Stretching your fist out as far as you possibly, possibly can is also a really crappy idea. It’s a really crappy idea because it means you’re off-balance, which means all your mugger has to do is grab your arm and yank, and there you are all spread-eagled on your ass for them.

Having a guard up between your head and incoming, on the other hand, is a great idea. However, if your guard hand, all fisted up, is resting on your cheekbone, it’s fundamentally not going to work. Ever seen those little desk ornaments, where there’s a row of suspended ball-bearings, and you can drop the one on one end down and the ball on the other end flies up and away due to transfer of momentum? Similar principle.

How not to fight

‘Cos everyone fights in their undies…

Basically, this women’s defence group’s set-up made me think of all the reasons that every female fighter I’ve ever trained with has put up with years and decades of being patronised rigid, usually by both genders.

Partner up with a male? “Oh, but I don’t hit women!” (Top favourite response I ever heard on the mat to that bit of chauvinistic crap was “That’s fine, I have no problem hitting men.”.)

Get asked by a friend what you do for fun? “Oh my, but surely you can’t enjoy that very much? I mean, women can’t fight, it’s so…violent!”

Listen to that kind of nonsense for a while, and you must either develop a very fuck-you attitude to social stereotypes (you saw that awesome response I quoted, yes?) or you get discouraged and move back into line, and a stereotype gets propped up a little longer.

“Whoever had created humanity had left in a major design flaw. It was its tendency to bend at the knees.” ~ Sir Terry Pratchett

So yes, that particular Twitter account made me groan and pound my head on my desk a little bit; not because I object to women learning to fight (quite the opposite), but because it propped up every single damn stereotype about female fighters while purporting to train women to be all independent and badass.

A truly great banner image would have been a woman who actually knew how to close her fist, standing as if she meant to do some damage, and wearing a top that wouldn’t result in her flashing someone if it got grabbed sparring. I’d have followed like a shot. Retweeted, even.

Hidden Gems – author services

Hidden Gems – author services

Hidden Gems – the low-down

Hidden Gems advertises as an Advance Reader Copy (ARC) program, although they also accept published books for their reviewers. As well as their core ARC program, Hidden Gems is branching out into cover design and editing.

Once signed up, your book is offered to their readership, and readers request the books they’re interested in reading and reviewing. You aren’t guaranteed any set number of takers, and you aren’t guaranteed any reviews; however, at time of writing, their review rate was 80%, meaning that if 100 of their readers ask for the free copy of your book, you’re likely to get something on the close order of 80 reviews.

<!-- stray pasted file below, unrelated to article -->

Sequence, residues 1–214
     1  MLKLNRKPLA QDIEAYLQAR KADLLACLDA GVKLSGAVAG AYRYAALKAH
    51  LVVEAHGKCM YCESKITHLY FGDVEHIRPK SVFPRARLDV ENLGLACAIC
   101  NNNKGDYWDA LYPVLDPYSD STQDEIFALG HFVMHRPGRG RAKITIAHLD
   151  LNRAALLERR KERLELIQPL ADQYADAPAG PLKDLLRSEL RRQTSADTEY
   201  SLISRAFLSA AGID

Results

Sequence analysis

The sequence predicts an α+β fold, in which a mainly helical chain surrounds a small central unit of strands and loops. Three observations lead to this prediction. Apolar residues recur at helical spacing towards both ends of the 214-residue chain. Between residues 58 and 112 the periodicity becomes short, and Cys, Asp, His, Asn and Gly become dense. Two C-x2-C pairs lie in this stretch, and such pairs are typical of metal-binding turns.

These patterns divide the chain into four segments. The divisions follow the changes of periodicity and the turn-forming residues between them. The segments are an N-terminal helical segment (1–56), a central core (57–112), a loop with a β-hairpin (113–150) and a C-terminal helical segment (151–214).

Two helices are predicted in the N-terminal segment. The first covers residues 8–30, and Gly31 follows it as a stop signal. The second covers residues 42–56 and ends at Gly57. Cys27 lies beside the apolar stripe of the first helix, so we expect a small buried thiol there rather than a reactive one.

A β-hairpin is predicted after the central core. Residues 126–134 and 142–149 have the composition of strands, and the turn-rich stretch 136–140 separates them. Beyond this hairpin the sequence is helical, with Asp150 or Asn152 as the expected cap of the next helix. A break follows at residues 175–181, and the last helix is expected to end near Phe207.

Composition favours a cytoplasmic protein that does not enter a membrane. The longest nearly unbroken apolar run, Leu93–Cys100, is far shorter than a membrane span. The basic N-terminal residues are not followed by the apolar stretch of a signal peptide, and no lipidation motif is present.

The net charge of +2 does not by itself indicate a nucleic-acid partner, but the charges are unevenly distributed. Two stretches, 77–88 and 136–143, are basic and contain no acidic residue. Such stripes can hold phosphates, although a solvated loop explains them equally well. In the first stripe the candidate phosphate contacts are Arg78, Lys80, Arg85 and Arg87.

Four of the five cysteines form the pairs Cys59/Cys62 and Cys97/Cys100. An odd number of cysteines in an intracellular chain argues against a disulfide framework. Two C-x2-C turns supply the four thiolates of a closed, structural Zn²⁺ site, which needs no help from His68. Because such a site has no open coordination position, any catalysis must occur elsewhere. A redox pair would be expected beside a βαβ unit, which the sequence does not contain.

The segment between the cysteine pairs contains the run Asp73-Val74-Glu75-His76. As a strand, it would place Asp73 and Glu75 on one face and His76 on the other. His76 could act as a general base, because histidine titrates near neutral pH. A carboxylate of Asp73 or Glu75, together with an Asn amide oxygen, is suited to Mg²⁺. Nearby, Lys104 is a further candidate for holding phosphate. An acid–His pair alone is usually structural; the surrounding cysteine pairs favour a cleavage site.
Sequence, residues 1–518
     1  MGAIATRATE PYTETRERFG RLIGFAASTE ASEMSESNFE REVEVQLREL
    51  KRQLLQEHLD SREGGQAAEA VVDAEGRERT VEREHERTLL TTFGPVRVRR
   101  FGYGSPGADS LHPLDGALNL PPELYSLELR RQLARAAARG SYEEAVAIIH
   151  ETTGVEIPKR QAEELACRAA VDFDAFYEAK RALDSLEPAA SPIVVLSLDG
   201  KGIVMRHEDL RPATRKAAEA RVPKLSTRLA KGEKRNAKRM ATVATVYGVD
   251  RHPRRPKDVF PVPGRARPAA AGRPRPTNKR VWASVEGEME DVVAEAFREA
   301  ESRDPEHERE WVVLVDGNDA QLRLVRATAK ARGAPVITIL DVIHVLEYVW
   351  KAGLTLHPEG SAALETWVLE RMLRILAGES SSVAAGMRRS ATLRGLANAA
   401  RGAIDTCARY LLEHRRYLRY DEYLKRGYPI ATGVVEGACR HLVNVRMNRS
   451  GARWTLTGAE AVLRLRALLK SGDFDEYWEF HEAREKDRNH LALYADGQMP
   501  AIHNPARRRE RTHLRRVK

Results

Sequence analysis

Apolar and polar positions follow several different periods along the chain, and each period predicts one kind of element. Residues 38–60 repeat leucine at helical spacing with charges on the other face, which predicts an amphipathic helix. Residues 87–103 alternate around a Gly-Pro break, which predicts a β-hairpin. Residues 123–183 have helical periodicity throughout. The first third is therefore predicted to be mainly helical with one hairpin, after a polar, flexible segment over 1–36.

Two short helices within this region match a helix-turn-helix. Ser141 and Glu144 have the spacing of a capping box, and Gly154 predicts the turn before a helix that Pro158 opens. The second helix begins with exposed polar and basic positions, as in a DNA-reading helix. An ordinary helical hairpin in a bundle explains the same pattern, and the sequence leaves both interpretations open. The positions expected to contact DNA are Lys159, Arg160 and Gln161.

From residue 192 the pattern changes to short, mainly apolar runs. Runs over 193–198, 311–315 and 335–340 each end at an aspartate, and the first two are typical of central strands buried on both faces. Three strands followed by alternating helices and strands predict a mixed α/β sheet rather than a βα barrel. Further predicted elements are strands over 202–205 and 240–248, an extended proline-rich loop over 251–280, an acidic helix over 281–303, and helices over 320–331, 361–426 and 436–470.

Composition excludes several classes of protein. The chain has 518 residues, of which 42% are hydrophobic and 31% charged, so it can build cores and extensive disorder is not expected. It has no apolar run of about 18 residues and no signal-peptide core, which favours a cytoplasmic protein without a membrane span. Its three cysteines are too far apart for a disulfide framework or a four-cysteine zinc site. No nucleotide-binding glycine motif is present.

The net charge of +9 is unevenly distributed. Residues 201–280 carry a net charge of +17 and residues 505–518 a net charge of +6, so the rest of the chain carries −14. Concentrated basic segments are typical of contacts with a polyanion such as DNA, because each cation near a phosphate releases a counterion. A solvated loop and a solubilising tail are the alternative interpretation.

The set-up

Hidden Gems asks for a minimum $20 US for basic set-up and send-out of a book in their newsletter. You must be able to provide an PDF and a MOBI variant of your manuscript file, as well as a cover image JPG. After that, you can set the bar for number of reviewers as high as you want, and you will be billed based on how many people volunteer to read and review.

It’s also a relatively simple submission and payment system, which I really appreciated, and their FAQ is well set up and answered pretty much all of my questions.

The results

Well, I was impressed.

I asked to have Through the Hostage circulated on 24th Sept, and I was notified that 15 people had asked for a copy. By 1st Oct, I’d gone from 10 reviews on Amazon to 23, with a nice mix of ratings. A couple of those readers were also kind enough to copy their reviews to Goodreads and even BookBub.

Hidden Gems is still building their reader base for sci-fi, so I presume that in a more mainstream genre like paranormal romance or new adult, you would probably get a higher number of takers, but frankly, I was very happy.

There are way too many review sites out there that ask for money, state (honestly) that they can’t guarantee a review, and then, sure enough, nothing ever happens. Hidden Gems isn’t one of them. Through organisation or some other alchemy, if one of their readers asks for a book copy, there’s a much better than average chance that they will also choose to leave a review.

Through the Hostage – what’s in a name?

Through the Hostage – what’s in a name?

Always shoot the hostage

There have been books where I had to agonise over the title, and ask for help, and toss coins, and read the cards…Through the Hostage wasn’t one of them.

The title was inspired by an old, old Keanu Reeves film, ‘Speed’, where Keanu is working as an American police officer. Near the beginning of the film, his partner’s being held up by the bad guy with a gun to his head, and the partner keeps on mouthing ‘Shoot the hostage!’. In the end, Keanu’s character does just that, and much drama and manly distress ensues.

The concept seemed very appropriate for the first book in the Cortii series. Jack Connagh is the human hostage, held on a Cortiian Base, his only real protection the fact that an alien species has some very powerful leverage over the Councils of the magaii, and those aliens want him alive.

However, given that the magaii are violently allergic to being blackmailed, and that Jack is in the keeping of Khyria’s trainee unit, whose chances of surviving to full Cortia rank get slimmer every day, the chances that someone’s going to shoot him are pretty high. ‘Through the hostage’ seemed uniquely appropriate.

Pin It on Pinterest